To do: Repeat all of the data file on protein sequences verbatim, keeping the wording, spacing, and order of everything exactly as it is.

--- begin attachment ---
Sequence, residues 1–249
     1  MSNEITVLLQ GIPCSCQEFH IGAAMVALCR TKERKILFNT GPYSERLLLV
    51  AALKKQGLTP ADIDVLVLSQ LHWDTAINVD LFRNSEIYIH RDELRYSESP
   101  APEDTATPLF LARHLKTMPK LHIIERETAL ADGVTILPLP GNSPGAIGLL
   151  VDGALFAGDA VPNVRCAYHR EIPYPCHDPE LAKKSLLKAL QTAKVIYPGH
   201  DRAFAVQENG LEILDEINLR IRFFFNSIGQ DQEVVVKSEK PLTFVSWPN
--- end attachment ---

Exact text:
Sequence, residues 1–249
     1  MSNEITVLLQ GIPCSCQEFH IGAAMVALCR TKERKILFNT GPYSERLLLV
    51  AALKKQGLTP ADIDVLVLSQ LHWDTAINVD LFRNSEIYIH RDELRYSESP
   101  APEDTATPLF LARHLKTMPK LHIIERETAL ADGVTILPLP GNSPGAIGLL
   151  VDGALFAGDA VPNVRCAYHR EIPYPCHDPE LAKKSLLKAL QTAKVIYPGH
   201  DRAFAVQENG LEILDEINLR IRFFFNSIGQ DQEVVVKSEK PLTFVSWPN